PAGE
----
Ott
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Q

Good evening, sir!
A month ago I went to a store to get the hs5's and I tested them side by side with the 7's. Both sounded great, detailed and fast responding, but I loved the 7's more, not because of the extended range, but mainly because the vocals sounded flatter than the 5's which have a dip around the 4khz. I kept them for about 10 days and returned them just to get the 5's and the only reason for this is that you approve them as a descent pair of monitors! (I do trust my ears, but I trust yours even more, and if that's a speaker you could comfortably mix on, then that's the one I'd get as well :-) )

Now, I know you haven't heard the 7's but I remember you preferring the 5's a bit more over the 50's. Though both of them hype the 800 - 1100hz, the 50's don't adopt the 4k dip, which makes them flatter. So what is the reason for which you prefer the 5's more than the 50's. Is it because it sounds even less fatiguing, or is it something regarding the transient response?


Ott responded on 10/03/2018
A

I never look at frequency plots or THD specs: I fire 'em up and if they work they work.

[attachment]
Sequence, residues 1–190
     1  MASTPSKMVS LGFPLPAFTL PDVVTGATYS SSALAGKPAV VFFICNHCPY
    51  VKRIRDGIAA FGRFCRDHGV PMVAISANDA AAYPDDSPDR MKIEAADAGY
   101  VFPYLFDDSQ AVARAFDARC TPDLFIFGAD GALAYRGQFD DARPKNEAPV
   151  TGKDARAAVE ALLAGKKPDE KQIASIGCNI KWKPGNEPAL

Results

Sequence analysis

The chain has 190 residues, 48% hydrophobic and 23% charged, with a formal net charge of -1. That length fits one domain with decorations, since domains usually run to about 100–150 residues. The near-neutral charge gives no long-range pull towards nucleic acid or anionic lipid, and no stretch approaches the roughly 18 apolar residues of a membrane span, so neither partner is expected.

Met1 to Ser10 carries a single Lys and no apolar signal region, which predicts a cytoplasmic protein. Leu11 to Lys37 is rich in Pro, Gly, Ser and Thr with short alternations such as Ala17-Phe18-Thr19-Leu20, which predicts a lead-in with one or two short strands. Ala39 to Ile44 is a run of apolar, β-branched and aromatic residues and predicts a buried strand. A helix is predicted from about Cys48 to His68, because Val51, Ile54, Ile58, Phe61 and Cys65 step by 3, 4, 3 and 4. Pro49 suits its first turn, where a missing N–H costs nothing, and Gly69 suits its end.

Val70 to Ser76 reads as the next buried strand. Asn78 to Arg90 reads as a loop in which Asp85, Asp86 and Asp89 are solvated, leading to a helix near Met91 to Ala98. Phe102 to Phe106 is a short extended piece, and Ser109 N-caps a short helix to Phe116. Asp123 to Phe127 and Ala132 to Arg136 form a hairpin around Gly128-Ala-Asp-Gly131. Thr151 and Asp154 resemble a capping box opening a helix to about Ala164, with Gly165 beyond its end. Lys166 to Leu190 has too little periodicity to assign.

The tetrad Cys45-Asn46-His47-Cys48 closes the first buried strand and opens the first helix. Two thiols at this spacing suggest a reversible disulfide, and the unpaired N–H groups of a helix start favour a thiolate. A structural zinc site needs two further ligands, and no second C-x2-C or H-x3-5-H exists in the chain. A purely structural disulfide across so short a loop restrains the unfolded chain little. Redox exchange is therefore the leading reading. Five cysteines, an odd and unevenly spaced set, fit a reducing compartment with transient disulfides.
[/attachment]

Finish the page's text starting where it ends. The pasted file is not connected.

The HS5s sound better to me than the 50s but not in any way I could specifically identify. They just sounded 'better'.

Manufacturer specs are of limited use, in that your room acoustics are going to exert way more influence over how the speaker output reaches your ears than a dB either way of 4kHz on a graph.

My main speakers are Yamaha NS10s powered by a Bryston 4B SST amplifier, but I listen on them for, at most, 10% of the time. For the other 90% of the time I listen on a cheap, shitty Sony radio cassette I bought in 1997 for £75, connected via RCA phonos on the back which are so worn out I have to wedge cardboard between them to make them work.

I recommend the HS5s because they represent astonishing value for money and come as a self-contained package which is attainable for just about anyone who is in the market for some studio monitors.

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